Music Hertz Your Hearing: How Earbuds And Headphones Negatively Impact Your Hearing

Posted on: 1 May 2015


Most people would assume that it is only older people who suffer from hearing loss. However, it is possible for young children, teens and younger adults to suffer hearing damage as well. There are many reasons for this, such as an injury, but it can also occur from listening to loud music. In fact, 50 percent of participants in a recent study were found to listen to music at decibels that are considered unsafe.

Decibels: How Much Is Too Much?

Decibels refer to exactly how extreme the sound pressure if of the music that you are listening to. This and the exposure time is what determines the extent of the damage that is done to your ears and hearing. Listening to music at high decibels will break down the fine hair cells in the ears. These fine hairs work to stimulate auditory nerve fibers, which are responsible for transmitting sound data to your brain. When these hairs are damaged, it is permanent. It is what leads to the loss of your hearing. The damage to these hairs will typically begin around 85 decibels

Change Your Listening Style and Device

The way you listen to your music will dramatically impact whether your hearing is damaged from the sound. Many people who wear earbuds for listening to music will crank up the volume all the way so that all background noise is eliminated. Unfortunately, some earbuds exceed 120 decibels, which is far too high to avoid damage. For that reason, you may want to opt for larger headphones that have the ability to cancel out background noise easier since they fit around the entire ear.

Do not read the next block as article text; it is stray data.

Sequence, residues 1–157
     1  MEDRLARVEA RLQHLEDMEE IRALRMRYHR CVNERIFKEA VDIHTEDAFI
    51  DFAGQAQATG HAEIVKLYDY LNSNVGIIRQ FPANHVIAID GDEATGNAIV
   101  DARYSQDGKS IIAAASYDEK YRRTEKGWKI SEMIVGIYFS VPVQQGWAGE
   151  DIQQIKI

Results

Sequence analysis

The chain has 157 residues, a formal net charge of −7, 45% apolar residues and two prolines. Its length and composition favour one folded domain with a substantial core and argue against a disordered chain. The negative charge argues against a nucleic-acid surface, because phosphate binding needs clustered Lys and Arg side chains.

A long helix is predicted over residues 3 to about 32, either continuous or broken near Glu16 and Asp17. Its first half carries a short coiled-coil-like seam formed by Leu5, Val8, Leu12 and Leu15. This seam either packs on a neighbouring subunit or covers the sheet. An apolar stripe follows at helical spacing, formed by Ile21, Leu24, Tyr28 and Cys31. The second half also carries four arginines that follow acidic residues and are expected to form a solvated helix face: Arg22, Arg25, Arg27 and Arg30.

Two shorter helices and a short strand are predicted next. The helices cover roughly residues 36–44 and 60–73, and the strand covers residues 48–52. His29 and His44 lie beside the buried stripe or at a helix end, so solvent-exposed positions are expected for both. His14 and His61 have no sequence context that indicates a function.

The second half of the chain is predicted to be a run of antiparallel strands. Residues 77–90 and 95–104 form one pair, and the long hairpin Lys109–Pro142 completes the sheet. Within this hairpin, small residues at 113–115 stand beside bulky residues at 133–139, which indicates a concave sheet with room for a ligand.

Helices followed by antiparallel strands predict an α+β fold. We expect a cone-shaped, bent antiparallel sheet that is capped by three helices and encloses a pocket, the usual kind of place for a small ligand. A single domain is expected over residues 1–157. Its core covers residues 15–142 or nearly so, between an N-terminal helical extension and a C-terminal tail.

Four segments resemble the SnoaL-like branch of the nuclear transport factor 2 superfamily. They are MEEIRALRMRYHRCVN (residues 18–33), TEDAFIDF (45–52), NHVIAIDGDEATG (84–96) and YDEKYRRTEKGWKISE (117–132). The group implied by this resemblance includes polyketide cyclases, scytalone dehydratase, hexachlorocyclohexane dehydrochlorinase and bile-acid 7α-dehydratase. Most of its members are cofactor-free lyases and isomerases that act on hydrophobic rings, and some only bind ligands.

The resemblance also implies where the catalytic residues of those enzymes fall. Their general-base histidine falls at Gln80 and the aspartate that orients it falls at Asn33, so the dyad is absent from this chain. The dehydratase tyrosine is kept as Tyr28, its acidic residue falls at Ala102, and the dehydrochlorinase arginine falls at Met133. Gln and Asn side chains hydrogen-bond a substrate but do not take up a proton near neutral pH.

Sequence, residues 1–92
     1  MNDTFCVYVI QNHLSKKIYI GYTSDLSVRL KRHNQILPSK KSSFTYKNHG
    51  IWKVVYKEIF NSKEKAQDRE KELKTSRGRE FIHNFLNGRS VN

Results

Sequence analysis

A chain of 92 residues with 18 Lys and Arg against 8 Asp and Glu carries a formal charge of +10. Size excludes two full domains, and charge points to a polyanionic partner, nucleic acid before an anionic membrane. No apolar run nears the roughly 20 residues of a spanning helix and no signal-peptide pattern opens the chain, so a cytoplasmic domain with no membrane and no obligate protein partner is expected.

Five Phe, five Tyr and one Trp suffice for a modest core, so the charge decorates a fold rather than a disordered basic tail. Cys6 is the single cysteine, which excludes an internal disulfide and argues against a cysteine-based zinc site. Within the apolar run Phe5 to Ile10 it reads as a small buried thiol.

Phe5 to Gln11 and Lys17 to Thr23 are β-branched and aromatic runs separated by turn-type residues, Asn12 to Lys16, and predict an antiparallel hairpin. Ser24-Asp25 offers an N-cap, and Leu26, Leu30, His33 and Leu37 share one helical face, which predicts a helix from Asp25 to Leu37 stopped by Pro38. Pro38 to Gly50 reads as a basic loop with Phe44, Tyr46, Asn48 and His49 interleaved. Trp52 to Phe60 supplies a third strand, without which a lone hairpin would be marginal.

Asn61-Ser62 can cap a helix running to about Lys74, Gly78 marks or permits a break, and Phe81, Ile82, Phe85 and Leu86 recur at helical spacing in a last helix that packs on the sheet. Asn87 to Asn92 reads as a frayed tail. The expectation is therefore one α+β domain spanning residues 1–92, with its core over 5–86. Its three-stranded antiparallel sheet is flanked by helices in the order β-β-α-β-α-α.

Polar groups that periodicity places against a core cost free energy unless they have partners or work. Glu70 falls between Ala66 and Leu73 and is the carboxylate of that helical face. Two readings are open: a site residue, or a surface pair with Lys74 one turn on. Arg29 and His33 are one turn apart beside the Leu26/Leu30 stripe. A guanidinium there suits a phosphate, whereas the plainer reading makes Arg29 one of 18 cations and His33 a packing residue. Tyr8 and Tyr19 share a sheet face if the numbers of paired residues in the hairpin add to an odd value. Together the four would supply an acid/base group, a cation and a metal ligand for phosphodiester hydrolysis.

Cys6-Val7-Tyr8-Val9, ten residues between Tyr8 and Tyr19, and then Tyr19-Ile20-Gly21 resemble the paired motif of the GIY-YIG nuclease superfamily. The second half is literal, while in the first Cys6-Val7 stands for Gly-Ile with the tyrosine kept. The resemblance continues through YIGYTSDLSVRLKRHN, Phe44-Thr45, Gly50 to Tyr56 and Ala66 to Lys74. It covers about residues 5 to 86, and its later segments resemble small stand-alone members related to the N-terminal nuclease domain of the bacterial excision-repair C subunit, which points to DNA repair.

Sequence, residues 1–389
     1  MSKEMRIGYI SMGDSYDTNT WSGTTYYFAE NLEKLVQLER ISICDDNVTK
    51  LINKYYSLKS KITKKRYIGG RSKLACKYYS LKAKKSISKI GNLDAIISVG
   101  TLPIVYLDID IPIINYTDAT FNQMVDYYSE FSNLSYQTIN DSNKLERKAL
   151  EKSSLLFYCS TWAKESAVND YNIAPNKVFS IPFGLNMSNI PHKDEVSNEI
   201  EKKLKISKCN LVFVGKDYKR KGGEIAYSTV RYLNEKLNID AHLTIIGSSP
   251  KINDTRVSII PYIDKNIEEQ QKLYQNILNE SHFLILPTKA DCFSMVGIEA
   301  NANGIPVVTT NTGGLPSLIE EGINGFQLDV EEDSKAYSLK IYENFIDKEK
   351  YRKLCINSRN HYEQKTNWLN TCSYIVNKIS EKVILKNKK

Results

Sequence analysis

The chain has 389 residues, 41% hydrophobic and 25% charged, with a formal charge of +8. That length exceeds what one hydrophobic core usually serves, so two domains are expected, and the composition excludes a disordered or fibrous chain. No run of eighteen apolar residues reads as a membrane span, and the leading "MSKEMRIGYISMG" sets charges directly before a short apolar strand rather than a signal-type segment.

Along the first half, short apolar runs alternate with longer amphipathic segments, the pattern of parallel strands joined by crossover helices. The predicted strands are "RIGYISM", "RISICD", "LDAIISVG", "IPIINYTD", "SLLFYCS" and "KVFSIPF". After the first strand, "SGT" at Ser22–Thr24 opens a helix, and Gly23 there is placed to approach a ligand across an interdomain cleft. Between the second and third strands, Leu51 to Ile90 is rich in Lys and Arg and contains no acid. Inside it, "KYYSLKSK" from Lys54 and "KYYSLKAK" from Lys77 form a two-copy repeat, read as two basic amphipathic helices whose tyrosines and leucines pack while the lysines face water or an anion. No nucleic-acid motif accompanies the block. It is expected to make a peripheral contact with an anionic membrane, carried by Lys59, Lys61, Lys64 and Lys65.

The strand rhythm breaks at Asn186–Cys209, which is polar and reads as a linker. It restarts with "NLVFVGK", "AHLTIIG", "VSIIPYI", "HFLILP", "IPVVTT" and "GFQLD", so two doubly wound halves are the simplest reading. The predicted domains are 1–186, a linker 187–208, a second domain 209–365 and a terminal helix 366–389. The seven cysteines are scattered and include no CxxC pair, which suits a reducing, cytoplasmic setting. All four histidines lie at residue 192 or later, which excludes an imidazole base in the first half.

If you're not into large headphones, then you should consider finding earbuds that won't provide you with the temptation to crank up the tunes. For earbuds and headphones, there are noise-canceling features that will block out ambient noise so that there is no reason that you need to turn your groove up to the maximum volume.

Does the Type of Music Matter?

Some may think that hard rock music is more damaging to your hearing than something softer, such as country or classical music. However, this isn't necessarily true. It all boils down to how long you are exposed to the music and what its volume is set to.

If you would like to learn more about exposure to loud noises and its effect on your hearing, or you have already suffered hearing loss and would like to learn about what options are available, consult with an audiologist like Audiology Consultants, P.C. for more information.